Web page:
Combining Momentum and Value for Industry Rotation

Value and momentum are two very different equity investing styles, both with many adherents. Neither outperforms the overall market all the time. Is there some systematic way of combining these two approaches to enhance consistency of outperformance in global equity markets? In their March 2006 paper entitled “Generating Excess Returns through Global Industry Rotation”, Geoffrey Loudon and John Okunev examine different investing styles (momentum, value, combination of value and momentum, and growth) to exploit cyclic industry returns, with the U.S. yield curve as the critical economic indicator. Using monthly global prices, dividends, earnings and returns data for 36 industries for 1973-2005, they conclude that: Keep Reading

Classic Research: Embrace Risk, But Take Profits

We have selected for retrospective review a few all-time “best selling” research papers of the past few years from the General Financial Markets category of the Social Science Research Network (SSRN). Here we summarize the February 1999 paper entitled “Daily Momentum And Contrarian Behavior Of Index Fund Investors” (download count almost 1,900) by William Goetzmann and Massimo Massa. The authors investigate the existence and profitability of momentum and contrarian behaviors for stock index trading. They classify return momentum investors (trend followers) as those who buy (sell) when the market rises (drops) in the previous trading session, and return contrarian investors as “profit takers” who sell (buy) when the market rises (drops). They also examine investor response to changes in market volatility, defining both volatility momentum traders (risk chasers) and volatility contrarian traders (risk avoiders). Using daily activity records for 91,000 accounts trading an S&P 500 index during 1997 and 1998, the authors find that: Keep Reading

Buying on Impulse (Change in Momentum)

In their September 2005 paper entitled “Acceleration Strategies”, Eric Gettleman and Joseph Marks examine the change in six-month stock price momentum (a second derivative of price with respect to time, which the authors call “acceleration”) for individual companies as a potential indicator of future performance. Does increasing (decreasing) stock price momentum indicate commensurate relative outperformance (underperformance)? Based on monthly data spanning 1926-2003, they conclude that: Keep Reading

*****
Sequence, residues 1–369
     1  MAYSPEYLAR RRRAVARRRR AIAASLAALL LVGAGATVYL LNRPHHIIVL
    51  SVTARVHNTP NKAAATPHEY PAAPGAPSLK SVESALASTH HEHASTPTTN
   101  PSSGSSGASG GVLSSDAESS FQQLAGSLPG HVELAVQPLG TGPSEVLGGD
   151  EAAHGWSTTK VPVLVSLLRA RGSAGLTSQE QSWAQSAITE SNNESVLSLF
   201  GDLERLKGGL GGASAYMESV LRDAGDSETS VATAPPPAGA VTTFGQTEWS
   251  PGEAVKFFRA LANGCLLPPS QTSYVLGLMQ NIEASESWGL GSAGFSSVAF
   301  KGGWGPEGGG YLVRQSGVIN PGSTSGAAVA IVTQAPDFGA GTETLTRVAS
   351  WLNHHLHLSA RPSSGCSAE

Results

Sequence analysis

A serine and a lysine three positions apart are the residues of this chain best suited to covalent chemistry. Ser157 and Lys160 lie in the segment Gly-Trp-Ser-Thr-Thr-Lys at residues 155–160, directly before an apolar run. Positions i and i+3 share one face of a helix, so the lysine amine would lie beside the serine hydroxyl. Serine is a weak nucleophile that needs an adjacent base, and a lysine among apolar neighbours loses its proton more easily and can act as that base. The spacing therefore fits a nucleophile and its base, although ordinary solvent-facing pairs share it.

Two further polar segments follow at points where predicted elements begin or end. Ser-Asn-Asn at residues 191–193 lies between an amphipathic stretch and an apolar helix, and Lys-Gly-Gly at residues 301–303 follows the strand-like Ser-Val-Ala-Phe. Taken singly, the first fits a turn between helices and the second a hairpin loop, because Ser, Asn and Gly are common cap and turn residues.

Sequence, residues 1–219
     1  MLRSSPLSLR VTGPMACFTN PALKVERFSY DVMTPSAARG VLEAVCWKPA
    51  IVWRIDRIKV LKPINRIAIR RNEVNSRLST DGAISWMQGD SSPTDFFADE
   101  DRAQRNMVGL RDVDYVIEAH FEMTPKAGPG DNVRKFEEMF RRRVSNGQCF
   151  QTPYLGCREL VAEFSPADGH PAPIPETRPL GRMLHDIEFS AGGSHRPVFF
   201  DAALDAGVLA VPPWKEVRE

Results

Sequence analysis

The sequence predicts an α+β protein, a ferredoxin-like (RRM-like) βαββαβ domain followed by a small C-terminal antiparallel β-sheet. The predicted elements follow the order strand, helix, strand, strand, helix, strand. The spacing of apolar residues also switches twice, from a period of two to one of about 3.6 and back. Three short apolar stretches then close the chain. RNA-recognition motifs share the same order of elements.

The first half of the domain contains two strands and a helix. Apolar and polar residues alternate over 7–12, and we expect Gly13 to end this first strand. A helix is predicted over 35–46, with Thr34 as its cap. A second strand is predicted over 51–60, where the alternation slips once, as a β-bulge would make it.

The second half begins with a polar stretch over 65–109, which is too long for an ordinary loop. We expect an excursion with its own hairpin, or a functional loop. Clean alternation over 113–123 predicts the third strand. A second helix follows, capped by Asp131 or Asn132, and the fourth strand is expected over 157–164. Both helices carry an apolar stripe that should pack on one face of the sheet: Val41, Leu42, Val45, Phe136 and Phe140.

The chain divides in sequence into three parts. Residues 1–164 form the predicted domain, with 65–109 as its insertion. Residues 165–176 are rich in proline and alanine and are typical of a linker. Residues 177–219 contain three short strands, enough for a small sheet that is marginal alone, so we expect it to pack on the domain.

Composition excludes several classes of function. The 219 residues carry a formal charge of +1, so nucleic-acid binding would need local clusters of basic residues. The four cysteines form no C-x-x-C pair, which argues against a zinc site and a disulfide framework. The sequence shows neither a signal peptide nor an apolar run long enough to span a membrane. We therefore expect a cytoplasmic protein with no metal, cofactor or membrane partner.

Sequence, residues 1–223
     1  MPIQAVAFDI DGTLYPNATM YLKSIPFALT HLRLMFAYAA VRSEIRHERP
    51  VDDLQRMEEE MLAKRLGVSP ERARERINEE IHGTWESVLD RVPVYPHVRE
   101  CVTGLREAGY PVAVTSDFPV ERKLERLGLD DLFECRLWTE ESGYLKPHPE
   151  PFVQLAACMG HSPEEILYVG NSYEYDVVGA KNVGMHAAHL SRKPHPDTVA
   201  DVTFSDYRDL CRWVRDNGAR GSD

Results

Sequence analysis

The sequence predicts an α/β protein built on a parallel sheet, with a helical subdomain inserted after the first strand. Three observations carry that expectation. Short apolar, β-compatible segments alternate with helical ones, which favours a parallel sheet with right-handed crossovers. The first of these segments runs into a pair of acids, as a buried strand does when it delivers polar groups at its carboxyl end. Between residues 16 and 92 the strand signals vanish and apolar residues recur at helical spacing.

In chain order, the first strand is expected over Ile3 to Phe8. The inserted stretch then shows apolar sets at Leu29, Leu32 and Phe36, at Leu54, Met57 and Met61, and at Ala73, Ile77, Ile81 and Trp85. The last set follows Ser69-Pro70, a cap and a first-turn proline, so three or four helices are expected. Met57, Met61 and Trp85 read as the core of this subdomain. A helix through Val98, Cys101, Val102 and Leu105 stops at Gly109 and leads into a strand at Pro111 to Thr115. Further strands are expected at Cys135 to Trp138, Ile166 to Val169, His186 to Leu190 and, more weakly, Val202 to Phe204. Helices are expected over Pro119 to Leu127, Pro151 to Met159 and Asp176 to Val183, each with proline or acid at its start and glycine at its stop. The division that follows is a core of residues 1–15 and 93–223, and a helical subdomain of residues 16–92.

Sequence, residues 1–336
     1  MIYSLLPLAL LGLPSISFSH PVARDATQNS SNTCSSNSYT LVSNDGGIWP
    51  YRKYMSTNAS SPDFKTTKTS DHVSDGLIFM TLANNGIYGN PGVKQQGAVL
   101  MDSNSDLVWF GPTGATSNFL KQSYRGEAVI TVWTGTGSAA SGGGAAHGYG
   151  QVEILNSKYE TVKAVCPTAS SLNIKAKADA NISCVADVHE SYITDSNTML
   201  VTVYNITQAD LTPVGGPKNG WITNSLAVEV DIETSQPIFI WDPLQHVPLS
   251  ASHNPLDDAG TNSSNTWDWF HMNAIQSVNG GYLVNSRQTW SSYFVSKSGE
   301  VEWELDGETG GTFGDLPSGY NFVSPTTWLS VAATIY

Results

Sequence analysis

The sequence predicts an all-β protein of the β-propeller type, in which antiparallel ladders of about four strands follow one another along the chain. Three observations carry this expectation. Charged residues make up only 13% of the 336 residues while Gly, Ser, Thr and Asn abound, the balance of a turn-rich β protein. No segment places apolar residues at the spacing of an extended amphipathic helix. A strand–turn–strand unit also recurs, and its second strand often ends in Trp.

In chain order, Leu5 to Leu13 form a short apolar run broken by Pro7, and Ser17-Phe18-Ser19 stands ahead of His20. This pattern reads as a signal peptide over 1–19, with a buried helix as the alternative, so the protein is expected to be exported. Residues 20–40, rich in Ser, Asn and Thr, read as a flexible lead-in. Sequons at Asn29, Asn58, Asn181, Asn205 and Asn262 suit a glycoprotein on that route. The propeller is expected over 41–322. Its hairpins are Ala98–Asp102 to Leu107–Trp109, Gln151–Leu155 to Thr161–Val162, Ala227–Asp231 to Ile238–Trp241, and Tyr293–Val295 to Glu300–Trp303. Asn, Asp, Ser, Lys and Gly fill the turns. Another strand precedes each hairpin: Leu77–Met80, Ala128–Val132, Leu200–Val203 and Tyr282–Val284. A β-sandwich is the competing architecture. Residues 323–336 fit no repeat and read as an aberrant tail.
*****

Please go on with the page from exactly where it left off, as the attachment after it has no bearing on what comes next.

The Disposition Effect as a Driver of Momentum

In the February 2005 update to his paper entitled “The Disposition Effect and Under-reaction to News”, Andrea Frazzini tests whether the “disposition effect” (the tendency of investors to sell stocks that have gone up, not down, in value since purchase) causes stock prices to under-react to bad news when most current holders face a capital loss and under-react to good news when most current holders face a capital gain. Using a database of the holdings of a large class of investors (mutual funds) to estimate reference prices for individual stocks, he ranks stocks according to unrealized capital gains/losses and correlates this ranking with response to corporate news and subsequent return. Based on data spanning 1980-2002, he finds that: Keep Reading

Momentum Investing: Surfing Waves in the Economy?

In their June 2005 paper entitled “Momentum Profits and Macroeconomic Risk”, Laura Liu, Jerold Warner and Lu Zhang examine the connection between momentum returns and the overall economy, using the growth rate of industrial production as a proxy for the economic trend. They use monthly data for a large selection of common stocks listed on the NYSE, AMEX, and NASDAQ from January 1960 to December 2001 to construct ten equally weighted momentum portfolios, ranking on past six-month returns and holding for six subsequent months. They find that: Keep Reading